By Melissa Kossler Dutton
Including recliners in home decorating projects used to be an interior designer’s nightmare, says Bonnie Lewis, founder of 55+ TLC Interior Design in Scottsdale, Arizona.
But the easy chair has gotten a face lift, thanks largely to Baby Boomers.
“Before, this furniture was strictly about the function — meaning it could recline, but there wasn’t much to the aesthetics of it,” says Lewis, whose firm specializes in design for older adults. “Because Boomers want that cleaner-line look, it’s pushing the manufacturers to get on board.”
Recliners used to come in one profile: big and bulky, says Bruce Birnbach, president and CEO of American Leather in Dallas, Texas. “Either you wanted that look or you didn’t.”
Today, he and his competitors offer recliners “in every size and shape and style,” he says.
Like other manufacturers, La-Z-Boy, which introduced the recliner in 1928 and for years built a reputation more on comfort than on style, has added automation to the chairs, and offers models that are smaller and more stylish. But La-Z-Boy will never stop making the traditional chairs that made the company’s name synonymous with recliners, says Penny Eudy, product manager of upholstery for La-Z-Boy in Monroe, Michigan.
“We want to a cast a wider net to attract that more stylish consumer and get them coming in, but we want to do it without alienating the customers that we’ve always had,” she says.
Eudy believes recliners are the ideal chair for the modern home: “We all are living more casually and more comfortably than we ever have,” she says.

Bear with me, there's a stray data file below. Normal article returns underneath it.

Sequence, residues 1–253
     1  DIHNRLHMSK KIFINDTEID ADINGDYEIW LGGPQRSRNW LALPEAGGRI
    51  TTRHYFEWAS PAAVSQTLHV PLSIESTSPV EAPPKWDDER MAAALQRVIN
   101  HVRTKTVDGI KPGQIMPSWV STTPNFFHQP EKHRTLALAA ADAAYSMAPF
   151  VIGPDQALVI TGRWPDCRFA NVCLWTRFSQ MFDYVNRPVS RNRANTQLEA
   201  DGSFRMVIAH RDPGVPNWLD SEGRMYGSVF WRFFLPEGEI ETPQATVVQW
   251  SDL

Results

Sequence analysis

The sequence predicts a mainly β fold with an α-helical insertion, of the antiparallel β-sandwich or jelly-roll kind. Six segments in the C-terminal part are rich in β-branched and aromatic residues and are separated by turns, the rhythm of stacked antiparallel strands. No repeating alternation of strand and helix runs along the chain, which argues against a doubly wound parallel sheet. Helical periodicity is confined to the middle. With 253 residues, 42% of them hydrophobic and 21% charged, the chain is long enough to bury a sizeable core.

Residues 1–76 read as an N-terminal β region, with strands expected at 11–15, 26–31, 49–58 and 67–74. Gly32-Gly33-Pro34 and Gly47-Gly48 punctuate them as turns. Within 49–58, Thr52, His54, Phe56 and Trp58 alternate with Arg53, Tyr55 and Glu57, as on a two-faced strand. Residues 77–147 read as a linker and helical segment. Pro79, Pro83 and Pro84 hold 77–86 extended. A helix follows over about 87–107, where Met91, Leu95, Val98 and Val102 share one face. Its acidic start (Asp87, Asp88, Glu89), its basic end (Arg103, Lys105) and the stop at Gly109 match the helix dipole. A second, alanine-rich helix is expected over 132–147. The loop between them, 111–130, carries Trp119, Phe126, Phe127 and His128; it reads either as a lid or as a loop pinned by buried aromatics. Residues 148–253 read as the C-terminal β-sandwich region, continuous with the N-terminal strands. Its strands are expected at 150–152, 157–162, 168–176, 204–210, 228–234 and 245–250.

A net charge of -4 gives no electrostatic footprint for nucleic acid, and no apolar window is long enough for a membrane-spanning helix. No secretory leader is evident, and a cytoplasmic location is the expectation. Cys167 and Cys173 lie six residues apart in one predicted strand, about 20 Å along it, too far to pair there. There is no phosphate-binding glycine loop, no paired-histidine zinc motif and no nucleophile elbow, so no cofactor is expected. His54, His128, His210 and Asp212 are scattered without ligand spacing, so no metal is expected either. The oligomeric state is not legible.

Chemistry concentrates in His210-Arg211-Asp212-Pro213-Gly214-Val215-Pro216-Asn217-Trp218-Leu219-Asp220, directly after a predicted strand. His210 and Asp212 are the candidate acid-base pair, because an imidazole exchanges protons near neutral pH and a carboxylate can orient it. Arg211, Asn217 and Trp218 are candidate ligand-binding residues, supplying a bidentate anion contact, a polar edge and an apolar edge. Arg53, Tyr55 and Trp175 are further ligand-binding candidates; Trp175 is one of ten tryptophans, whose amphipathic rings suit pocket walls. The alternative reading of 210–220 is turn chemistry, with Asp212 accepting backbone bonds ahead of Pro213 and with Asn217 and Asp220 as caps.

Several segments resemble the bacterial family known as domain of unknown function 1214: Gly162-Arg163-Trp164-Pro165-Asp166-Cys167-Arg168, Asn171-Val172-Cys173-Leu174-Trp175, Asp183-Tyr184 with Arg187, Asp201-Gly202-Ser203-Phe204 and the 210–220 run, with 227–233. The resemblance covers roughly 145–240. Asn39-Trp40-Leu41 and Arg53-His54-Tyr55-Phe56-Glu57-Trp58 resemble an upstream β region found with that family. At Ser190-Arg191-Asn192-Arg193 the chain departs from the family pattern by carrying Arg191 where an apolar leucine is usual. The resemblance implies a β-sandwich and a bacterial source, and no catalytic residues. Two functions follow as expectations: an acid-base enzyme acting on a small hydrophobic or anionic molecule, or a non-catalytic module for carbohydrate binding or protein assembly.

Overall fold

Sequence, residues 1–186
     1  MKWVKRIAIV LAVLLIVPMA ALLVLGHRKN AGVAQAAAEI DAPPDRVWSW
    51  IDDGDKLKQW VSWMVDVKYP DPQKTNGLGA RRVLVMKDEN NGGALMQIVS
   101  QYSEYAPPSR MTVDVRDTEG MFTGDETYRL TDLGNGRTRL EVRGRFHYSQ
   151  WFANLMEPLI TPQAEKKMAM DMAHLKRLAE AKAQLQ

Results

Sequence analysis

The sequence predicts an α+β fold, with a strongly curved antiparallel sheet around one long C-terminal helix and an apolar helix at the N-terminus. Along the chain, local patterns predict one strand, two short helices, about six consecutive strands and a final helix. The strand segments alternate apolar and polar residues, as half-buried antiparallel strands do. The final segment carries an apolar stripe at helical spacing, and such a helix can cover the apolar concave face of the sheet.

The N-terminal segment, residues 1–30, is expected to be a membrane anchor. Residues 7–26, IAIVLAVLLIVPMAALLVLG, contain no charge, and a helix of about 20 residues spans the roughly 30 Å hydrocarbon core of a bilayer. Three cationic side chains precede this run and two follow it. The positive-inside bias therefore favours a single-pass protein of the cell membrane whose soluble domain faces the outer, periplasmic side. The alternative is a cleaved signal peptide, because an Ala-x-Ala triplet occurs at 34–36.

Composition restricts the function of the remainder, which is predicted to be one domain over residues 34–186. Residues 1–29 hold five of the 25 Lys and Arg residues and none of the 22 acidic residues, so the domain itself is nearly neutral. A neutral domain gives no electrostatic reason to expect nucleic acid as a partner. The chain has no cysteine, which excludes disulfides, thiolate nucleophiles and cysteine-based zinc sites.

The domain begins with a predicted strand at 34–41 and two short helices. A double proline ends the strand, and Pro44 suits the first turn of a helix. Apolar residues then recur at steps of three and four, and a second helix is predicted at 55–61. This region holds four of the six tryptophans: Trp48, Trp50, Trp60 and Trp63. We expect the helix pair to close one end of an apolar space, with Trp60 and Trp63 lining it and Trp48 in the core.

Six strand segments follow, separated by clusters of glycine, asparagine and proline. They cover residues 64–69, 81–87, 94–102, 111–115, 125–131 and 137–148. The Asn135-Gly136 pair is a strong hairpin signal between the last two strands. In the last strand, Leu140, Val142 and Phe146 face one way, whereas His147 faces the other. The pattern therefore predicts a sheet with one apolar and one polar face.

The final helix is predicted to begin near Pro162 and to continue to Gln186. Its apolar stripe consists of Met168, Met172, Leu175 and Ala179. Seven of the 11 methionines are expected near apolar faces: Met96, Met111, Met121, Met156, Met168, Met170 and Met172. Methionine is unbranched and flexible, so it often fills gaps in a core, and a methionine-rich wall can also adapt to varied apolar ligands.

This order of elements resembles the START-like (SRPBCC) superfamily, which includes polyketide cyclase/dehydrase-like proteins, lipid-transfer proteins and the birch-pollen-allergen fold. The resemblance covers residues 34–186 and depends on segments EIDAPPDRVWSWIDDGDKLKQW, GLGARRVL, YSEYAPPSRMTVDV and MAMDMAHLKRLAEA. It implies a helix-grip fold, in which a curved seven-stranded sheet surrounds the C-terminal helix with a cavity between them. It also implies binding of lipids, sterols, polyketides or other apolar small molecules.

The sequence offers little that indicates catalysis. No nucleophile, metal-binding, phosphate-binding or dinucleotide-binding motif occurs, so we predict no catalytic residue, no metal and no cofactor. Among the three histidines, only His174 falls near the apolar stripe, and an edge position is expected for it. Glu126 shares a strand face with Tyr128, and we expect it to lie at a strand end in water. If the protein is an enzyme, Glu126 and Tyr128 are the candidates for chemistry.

The trend toward open living spaces means that customers are looking for furniture that’s less formal but still eye-catching, says Erin Berg, an associate editor at Furniture Today magazine in Greensboro, North Carolina. Open floor plans mean there’s nowhere to hide an ugly recliner, and no place for a formal chair that’s not comfortable, she says.
New recliners’ smaller footprint gives homeowners more flexibility, Berg says. Some manufacturers offer a “wall-hugger” feature: The seat moves forward when it reclines, allowing the chair to be placed against a wall.
Many reclining chairs, sofas and sectionals now plug in or run on battery packs, allowing them to do everything from charging your phone to cooling your drink, while providing an articulated head rest and lumbar support.
“Today’s recliners have become sleek and smooth-functioning, combining designer-quality looks with engineer-quality operations,” says Patricia Bowling, a spokeswoman for the American Home Furnishings Alliance, in High Point, North Carolina. “The Baby Boomers love their gadgets. They love being connected and they are doing that in every room of the house.”
Still, comfort remains a priority — particularly for an aging generation that’s active and has “a tendency to overdo it,” she says.
Berg says there are many more options now for how the chairs’ backs recline and the footrests extend.
Four out of every 10 recliners purchased in 2014 were for Boomer households, according to a Furniture Today study released in 2015.
The variety of new fabrics and styles — including some recliners with legs — means that designers no longer shy away from the chairs, Lewis says. “Before, when a client wanted a recliner, you worried that it was going to ruin the whole look,” she says.
Lift chairs, which rise to help the occupant stand up, have also become more versatile and attractive, she says, moving from institutions into homes as homeowners look for ways to age in place.
“They’re not as slick as the plain recliner, but they’re getting there,” she says.
And as Baby Boomers downsize their homes, multi-functional furniture like the recliner becomes more important, says Sarah Dooley, principal designer at Leedy Interiors in Tinton Falls, New Jersey. “The family room becomes the key room in the house,” she says. “It’s got to be livable and stylish, but function is key.”